Now referring to FIG. 3, the catholyte barrier 22 is comprised of three components. The first component is a semi-permeable first membrane 90. The second component is a semi-permeable second membrane 94. In other embodiments of the invention, bounding fabrics that allow restricted fluid flow are used in place of the membranes 90 and 94. First membrane 90 and second membrane 94 are aligned in a parallel fashion. Disposed between the first membrane 90 and the second membrane 94 is a weak-acid, powered resin cation exchanger 92. This arrangement forms a membrane/cationic exchanger/membrane barrier 96. The membrane/cationic exchanger/membrane 96 operates by the cationic contaminants flowing through first membrane 90 in the direction of the cationic contaminant flow 52. The cationic contaminants are adsorbed to the cation exchanger 82 and migrate therethrough in the direction of flow 52. Then, the cationic contaminants migrate through the second membrane 94 and into the catholyte fluid 48. Other embodiments of the invention use ion exchange membranes which are commercially offered by Resintech, Inc., 615 Deer Road, Cherry Hill, N.J. 08034 as CMI-4 and CMI-7 strong acid cation membranes. Other embodiments of the invention may other suitable ion exchange membranes.

Now referring to FIG. 4, an embodiment of the anolyte processing means 64 is an ammonium filtering process 100. The anolyte fluid exit means 62 removes the anolyte fluid stream 60 from anolyte vessel 14 and delivers it into anolyte pH adjustment means 102. The anolyte pH adjustment means 102 is comprised of an agitator 106 and a pH meter 108 disposed in a pH adjustment vessel 104. The anolyte fluid stream 60 is delivered to an anolyte fluid 114 in the pH adjustment vessel 104, where it is agitated by agitator 106 and its pH is measured by the pH meter 108. An NH3 sparge 110 introduces NH3 112 into anolyte fluid 114. The introduction of the NH3 112 can either be controlled by a programmable controller connected to pH meter 108, performed manually, or any other suitable means. The NH3 112 reacts with the anionic contaminants to form ammonium compounds. The NH3 112 is sparged into the anolyte fluid 114 until it reaches a suitable pH to form the ammonium compounds, which is dependent upon the composition and properties of the anolyte fluid 114. In other embodiments of the invention, the anolyte pH adjustment means 102 can be any suitable means to introduce the NH3 112 into the anolyte fluid 114, including an in-line pH adjustment apparatus (not shown). Additionally, NH4 OH can be substituted for NH3 112.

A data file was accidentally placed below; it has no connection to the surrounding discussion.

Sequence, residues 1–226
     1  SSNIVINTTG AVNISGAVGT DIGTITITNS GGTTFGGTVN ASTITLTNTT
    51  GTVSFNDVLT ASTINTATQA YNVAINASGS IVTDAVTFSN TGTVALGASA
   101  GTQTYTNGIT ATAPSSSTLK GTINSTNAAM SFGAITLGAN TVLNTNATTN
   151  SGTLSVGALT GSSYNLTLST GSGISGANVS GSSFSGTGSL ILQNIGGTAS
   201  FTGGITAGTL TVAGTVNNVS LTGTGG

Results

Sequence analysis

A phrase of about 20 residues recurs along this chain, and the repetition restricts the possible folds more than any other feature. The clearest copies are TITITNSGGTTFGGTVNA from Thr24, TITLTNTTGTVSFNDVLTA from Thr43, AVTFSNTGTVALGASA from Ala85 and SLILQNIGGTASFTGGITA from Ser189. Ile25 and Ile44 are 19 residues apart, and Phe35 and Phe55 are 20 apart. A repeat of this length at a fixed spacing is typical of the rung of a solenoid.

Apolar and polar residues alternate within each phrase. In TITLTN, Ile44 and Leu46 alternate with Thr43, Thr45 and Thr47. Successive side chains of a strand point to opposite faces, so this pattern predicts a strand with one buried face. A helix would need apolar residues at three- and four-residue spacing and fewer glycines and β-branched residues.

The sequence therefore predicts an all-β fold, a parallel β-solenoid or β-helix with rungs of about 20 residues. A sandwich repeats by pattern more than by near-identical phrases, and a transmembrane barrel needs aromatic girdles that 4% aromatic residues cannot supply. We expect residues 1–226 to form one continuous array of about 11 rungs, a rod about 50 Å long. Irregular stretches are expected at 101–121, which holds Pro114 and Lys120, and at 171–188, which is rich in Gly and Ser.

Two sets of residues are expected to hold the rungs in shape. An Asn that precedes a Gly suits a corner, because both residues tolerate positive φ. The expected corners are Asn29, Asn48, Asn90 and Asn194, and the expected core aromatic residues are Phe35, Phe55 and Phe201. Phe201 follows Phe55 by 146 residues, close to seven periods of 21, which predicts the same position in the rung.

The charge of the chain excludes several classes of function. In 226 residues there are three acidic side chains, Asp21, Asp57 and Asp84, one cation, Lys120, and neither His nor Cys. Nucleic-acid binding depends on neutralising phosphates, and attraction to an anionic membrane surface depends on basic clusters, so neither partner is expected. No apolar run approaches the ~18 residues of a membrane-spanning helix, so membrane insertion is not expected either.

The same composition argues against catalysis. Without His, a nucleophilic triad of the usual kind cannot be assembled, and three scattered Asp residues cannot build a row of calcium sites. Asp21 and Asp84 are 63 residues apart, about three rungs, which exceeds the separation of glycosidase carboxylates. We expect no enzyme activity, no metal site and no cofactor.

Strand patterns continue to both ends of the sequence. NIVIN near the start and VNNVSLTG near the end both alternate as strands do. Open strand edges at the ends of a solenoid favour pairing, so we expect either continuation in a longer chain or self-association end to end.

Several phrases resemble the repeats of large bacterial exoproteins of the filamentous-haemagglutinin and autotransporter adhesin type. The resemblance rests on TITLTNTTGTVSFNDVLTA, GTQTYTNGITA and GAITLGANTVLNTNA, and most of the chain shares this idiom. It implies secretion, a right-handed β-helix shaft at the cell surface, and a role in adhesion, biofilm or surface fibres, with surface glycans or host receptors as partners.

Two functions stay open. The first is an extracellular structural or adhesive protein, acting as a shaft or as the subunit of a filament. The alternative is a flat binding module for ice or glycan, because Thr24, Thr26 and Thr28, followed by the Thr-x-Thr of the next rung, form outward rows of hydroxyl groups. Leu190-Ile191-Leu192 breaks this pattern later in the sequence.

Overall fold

The anolyte fluid stream 60 with ammonium compounds flows from the anolyte pH adjustment means 102 into filter means 120, where the ammonium compounds are filtered out. The filter means 120 is a bag filter system consisting of a bag filter 124 suspended in a housing 125. The anolyte fluid stream 60 with ammonium compounds enters the filter means 120 and flows through from the inside to the outside of the bag filter 124. As it flows through the bag filter 124, ammonium compounds deposits 126 are formed from the ammonium compounds being deposited on the inside of the bag filter. Other embodiments of the invention include any other suitable filtering media, including other bag filter arrangements, filter plates, filter beds, and filter cartridges. After passing through the bag filter 124, the anolyte fluid 60 collects in an anolyte fluid 128 in the housing 125.